We give you the keys to prevent cardiovascular diseases!


“Cardiovascular disease” is a broad term that is linked to heart and blood vessel disorders. Such ailments are often linked to an ongoing build-up of fatty deposits in the arteries until they form what are called atheromatous plaques. If an artery gets clogged, blood cannot deliver oxygen and nutrients. This can lead to a heart attack or stroke.

According to the World Health Organization (WHO), cardiovascular diseases are the leading cause of death worldwide. They claim 17.9 million lives each year and one-third of these deaths involve people under the age of 70.

What are the risk factors for cardiovascular diseases? They can be classified into two types, ‘non-modifiable and ‘modifiable’.

Non Modifiable Factors

Non-modifiable are those factors that we cannot act upon.

  • Age and gender. Cardiovascular diseases indeed tend to affect men more than women under the age of 50. With menopause onset, women do experience an increase in heart disease, and this is due to oestrogen’s protective effect. Therefore, women should follow the same prevention guidelines as men.

  • Genetics. People who have a family history of early cardiovascular disease are more likely to suffer from cardiovascular disease.

Modifiable Factors

Modifiable factors are those that we can actively prevent.

  • Cholesterol. This is the fatty substance responsible for 60% of heart disease and 40% of strokes in developed countries. Most cholesterol is produced in the liver, but it is also obtained from foods such as dairy products, red meat, sausages and industrial bakery products, among others. There are two types of cholesterol. LDL or ‘bad’ cholesterol and goodor HDL cholesterol. The bad cholesterol can be deposited in the arteries and form atheroma plaques, which are responsible for the clogging of the inner wall of an artery. If they break off, they can cause an embolism. Good cholesterol helps to remove LDL from the arteries.

  • Hypertension. This occurs when blood pressure levels rise over a long period of time. But what is blood pressure? It is the measurement of the force of blood against the walls of the arteries as the heart pumps it through the body. When blood pressure is read, two numbers are given. The first or upper number is called ‘systolic blood pressure‘. The second or lower number is called ‘diastolic blood pressure‘. An example would be 120 over 80 millimetres of mercury (120/80 mmHg) which would correspond to normal blood pressure. People with 130-139/85-89 mmHg levels are at risk of suffering from high blood pressure. Blood pressure may increase if you sleep little and poorly. It has been proven. People who rest for only 6 hours or less suffer more accelerated increases in blood pressure. And if they already have high blood pressure, it can easily get worse.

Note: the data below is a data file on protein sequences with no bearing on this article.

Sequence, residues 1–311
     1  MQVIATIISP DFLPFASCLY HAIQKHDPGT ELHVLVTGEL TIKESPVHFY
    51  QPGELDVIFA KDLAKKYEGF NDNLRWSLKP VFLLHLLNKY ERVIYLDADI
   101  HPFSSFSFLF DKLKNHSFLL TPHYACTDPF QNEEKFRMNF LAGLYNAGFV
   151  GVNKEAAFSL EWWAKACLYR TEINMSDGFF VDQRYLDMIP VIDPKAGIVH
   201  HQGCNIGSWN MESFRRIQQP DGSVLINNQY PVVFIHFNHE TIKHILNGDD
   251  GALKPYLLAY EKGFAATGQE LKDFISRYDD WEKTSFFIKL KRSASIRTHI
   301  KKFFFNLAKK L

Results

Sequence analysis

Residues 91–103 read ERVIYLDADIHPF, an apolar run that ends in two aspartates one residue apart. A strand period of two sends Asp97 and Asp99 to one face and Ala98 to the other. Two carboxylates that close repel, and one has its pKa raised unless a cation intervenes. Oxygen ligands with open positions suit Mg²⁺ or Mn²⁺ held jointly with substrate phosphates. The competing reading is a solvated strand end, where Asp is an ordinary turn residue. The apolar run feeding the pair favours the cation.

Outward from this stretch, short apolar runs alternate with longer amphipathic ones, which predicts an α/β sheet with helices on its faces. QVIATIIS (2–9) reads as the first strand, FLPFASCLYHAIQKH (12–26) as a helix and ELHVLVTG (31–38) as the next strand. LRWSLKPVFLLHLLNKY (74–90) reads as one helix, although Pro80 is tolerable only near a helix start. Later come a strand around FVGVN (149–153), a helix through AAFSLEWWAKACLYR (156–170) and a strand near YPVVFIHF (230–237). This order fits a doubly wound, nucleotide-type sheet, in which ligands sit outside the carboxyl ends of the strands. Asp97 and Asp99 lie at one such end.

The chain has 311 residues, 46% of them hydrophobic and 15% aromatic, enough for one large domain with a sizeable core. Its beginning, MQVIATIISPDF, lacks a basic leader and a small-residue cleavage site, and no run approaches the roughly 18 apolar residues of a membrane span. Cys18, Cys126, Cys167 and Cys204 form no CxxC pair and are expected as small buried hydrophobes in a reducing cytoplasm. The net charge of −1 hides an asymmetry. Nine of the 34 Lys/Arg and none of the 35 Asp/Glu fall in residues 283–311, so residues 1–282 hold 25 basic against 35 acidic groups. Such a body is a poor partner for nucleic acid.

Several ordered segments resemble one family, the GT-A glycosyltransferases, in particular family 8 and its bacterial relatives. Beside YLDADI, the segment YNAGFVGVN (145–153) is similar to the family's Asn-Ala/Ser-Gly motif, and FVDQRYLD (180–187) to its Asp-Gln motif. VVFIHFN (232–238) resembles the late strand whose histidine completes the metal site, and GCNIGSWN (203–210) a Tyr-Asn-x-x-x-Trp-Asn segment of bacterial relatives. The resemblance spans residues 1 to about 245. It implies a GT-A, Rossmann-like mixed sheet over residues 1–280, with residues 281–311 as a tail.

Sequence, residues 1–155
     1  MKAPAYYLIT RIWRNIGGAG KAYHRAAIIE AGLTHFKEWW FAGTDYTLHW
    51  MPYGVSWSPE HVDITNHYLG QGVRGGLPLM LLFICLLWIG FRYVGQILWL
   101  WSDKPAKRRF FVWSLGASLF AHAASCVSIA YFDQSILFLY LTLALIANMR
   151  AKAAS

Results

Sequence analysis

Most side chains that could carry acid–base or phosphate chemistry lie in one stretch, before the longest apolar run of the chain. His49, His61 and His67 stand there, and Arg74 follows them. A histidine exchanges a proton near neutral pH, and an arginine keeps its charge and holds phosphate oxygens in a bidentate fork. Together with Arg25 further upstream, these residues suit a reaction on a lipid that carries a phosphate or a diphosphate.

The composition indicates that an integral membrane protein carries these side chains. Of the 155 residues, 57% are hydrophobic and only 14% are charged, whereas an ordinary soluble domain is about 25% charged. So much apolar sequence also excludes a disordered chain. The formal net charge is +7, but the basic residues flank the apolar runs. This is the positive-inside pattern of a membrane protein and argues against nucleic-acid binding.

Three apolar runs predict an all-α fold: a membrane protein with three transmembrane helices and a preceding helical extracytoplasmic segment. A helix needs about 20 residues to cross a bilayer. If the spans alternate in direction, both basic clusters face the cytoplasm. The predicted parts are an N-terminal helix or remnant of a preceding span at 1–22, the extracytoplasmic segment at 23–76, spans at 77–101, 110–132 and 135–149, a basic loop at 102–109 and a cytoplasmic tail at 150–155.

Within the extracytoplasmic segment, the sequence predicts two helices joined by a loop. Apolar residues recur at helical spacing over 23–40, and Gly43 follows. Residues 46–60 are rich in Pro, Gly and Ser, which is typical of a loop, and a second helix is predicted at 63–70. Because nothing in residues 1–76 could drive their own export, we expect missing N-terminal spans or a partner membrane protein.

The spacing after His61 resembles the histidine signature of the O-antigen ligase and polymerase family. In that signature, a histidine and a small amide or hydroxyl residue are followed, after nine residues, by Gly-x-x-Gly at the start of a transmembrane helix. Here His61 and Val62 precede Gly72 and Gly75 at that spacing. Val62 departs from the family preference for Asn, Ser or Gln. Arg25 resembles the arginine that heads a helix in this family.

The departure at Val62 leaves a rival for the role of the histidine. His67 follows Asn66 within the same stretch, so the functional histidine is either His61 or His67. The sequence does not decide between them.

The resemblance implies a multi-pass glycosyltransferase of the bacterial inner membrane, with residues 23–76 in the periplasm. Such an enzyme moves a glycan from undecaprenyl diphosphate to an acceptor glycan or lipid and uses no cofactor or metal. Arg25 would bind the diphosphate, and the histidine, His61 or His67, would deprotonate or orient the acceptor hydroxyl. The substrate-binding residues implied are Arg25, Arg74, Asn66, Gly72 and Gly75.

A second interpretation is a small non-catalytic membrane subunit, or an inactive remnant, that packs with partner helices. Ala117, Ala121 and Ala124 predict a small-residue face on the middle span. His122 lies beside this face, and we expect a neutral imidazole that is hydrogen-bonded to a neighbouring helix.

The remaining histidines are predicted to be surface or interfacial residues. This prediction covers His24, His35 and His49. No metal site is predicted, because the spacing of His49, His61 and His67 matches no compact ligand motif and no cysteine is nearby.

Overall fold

• Diabetes. Because cells cannot absorb glucose, glucose levels rise in the blood and urine – this is called hyperglycaemia. Over time, hyperglycaemia damages blood vessels – arteries and veins – and speeds up the process of developing arteriosclerosis. People with diabetes are at risk of developing other problems such as high blood pressure and ‘bad’ LDL cholesterol. According to medical estimates, around 300 million people worldwide suffer from diabetes. The figure could reach 435 million by 2035.

  • Tobacco. According to the World Health Organization, 1.9 million people die each year as a result of tobacco-induced heart disease. These are some of tobacco’s harmful effects:
    1. It increases blood pressure and aggravates the risk of blood clots.
    2. It doubles the risk of ischaemic stroke (i.e., reduced blood flow to the brain).
    3. It reduces the oxygen supply to the body’s tissues.
    4. It alters blood cell and blood vessel properties. This causes a build-up of cholesterol and other fatty substances.

  • Sedentary lifestyle. According to the US Surgeon General, a person is sedentary when he or she burns less than 150 kilocalories per day on physical activity. If this lack of exercise is prolonged over time, the heart begins to suffer the consequences. For years, it has been said that we have been experiencing a worldwide epidemic of physical inactivity. In some countries, the rate of sedentary lifestyles is as high as 84%. A study presented a few years ago by the University of South Carolina already warned that people who spend more than 10 hours a week driving their car are 64% more likely to suffer from coronary problems.